- A quick one that's often glossed over, but near the beginning of the movie, we get the wonderful sight of not one, but TWO ENTIRE INHABITED PLANETS BEING DESTROYED BY A BLACK HOLE. The inhabitants don't even have a chance to escape. Only one infant from each planet is able to make it off.
- Hal/Titan proves to be a scarier and more intimidating super villain than Megamind himself could ever hope to be.
Megamind: Well done! I thought that battle went really, really well! I mean, I have a few notes...
- Hal repeatedly tossing Roxanne several meters above the city.
- Titan/Tighten revealing he actually wants to kill Megamind instead of taking him to jail. Especially with his pupils glowing bright red. This forces Megamind to flee in absolute terror.
Megamind: But they can wait. You can take me to jail now.
Tighten: Oh, no, no, no, no. I was thinking more like the morgue! YOU'RE DEAD!
Megamind: Whoa, whoa, whoa, whoa, whoa! This isn't how you play the game!
Tighten: Game over!
Mayor: Titan has freed us!
- Later revealing his true nature to the Metro Citizens.
Tighten: Oh, I wouldn't say "freed". More like "under new management". (forcefully flicks the mayor with his finger, sending him flying)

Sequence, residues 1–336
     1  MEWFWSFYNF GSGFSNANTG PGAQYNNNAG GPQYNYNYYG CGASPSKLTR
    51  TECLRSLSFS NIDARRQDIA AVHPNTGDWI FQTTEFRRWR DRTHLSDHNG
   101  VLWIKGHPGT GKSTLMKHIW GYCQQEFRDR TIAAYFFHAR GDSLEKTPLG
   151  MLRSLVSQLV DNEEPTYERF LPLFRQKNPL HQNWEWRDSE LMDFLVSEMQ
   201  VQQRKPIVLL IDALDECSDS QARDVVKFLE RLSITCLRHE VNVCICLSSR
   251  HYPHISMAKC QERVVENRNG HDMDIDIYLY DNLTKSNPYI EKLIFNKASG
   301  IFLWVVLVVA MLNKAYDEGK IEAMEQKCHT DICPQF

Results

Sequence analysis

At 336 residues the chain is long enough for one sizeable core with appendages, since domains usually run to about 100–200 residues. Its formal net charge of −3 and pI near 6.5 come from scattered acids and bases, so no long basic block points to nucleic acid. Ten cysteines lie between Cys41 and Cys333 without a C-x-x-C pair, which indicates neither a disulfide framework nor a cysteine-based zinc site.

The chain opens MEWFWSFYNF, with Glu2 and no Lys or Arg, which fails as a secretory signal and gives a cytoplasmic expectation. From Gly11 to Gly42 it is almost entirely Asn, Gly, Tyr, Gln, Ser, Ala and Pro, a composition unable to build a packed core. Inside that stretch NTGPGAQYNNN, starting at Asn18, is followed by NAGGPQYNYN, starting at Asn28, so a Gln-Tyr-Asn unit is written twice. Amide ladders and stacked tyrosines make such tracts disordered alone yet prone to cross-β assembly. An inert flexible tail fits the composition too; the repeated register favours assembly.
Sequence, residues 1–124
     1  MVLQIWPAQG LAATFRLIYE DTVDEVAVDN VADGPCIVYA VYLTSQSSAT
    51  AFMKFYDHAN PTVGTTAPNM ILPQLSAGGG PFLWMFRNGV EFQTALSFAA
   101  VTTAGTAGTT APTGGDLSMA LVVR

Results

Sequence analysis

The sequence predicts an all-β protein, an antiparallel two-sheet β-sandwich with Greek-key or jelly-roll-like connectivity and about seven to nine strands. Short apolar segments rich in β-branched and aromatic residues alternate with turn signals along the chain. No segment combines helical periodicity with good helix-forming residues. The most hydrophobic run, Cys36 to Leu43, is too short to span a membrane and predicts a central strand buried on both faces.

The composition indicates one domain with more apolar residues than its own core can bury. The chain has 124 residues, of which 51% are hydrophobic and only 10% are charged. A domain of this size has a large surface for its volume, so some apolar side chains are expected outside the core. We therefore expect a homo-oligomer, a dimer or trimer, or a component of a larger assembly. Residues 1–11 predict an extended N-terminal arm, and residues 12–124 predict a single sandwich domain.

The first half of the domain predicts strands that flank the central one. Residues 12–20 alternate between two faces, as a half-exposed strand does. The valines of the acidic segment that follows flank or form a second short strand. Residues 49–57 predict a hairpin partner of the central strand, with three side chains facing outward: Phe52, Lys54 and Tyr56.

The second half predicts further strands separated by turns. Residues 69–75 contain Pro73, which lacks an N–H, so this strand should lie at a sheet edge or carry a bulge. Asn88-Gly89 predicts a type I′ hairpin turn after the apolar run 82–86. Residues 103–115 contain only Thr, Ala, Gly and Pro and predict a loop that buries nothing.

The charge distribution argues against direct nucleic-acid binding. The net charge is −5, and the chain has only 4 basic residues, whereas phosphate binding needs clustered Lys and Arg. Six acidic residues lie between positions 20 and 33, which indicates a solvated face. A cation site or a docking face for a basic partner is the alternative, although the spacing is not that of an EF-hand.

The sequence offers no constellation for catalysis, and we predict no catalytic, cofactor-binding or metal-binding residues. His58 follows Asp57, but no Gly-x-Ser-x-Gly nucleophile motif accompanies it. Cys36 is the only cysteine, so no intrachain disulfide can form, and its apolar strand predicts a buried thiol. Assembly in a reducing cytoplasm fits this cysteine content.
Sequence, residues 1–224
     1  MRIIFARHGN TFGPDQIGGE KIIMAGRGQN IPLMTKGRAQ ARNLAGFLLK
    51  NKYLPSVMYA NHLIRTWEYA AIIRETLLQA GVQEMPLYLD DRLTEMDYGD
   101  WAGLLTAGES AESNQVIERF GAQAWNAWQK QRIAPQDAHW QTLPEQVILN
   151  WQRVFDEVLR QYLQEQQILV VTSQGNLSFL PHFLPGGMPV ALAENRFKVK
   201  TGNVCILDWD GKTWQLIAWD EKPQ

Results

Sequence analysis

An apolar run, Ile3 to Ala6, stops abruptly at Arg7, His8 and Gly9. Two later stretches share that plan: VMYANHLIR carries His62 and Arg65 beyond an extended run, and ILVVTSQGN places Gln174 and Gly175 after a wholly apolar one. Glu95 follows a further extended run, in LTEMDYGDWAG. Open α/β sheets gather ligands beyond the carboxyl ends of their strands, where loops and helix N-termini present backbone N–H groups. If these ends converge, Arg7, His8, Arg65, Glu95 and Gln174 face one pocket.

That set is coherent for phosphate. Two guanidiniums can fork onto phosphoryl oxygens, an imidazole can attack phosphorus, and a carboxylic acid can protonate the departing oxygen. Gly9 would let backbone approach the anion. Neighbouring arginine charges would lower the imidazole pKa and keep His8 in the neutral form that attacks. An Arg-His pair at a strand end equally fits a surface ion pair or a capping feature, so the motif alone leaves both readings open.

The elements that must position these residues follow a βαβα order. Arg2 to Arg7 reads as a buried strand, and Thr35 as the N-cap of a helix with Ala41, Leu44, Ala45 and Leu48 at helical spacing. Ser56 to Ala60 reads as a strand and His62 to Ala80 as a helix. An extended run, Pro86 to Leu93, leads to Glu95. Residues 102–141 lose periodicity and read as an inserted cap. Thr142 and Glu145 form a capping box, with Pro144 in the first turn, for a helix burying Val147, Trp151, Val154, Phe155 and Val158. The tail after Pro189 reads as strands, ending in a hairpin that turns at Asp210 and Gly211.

- In a more down-to-earth sense of horror, the way Hal views Roxanne is very unnerving, particularly after he gets his powers and after she makes it clear how she doesn't like him. There are many creepy unstable men in Real Life who take rejection as poorly as he did, even to the point of taking the lives of others.
- Even before he becomes Tighten, Hal's interactions with Roxanne quickly stop being amusing and start being disturbing, with him acting like a complete creep and trying to manipulate her into getting to his house alone.
- The scene where Megamind seemingly kills Metro Man, or more specifically when it looks like Metro Man flew out only to have a skeleton under his clothes.
- Notably averted with the Dehydrator ray gun. It had potential to be quite unnerving, being essentially a Disintegrator Ray wielded by the hero of a kid's film, but the writers cleverly first gave the weapon a simple Reset Button, and then (arguably more important) diligently made sure that every time it was used on a living being, its effects were (at some later point) shown onscreen being undone, thus averting What Happened to the Mouse? and Fridge Horror via Offscreen Inertia.
Nightmare Fuel / Megamind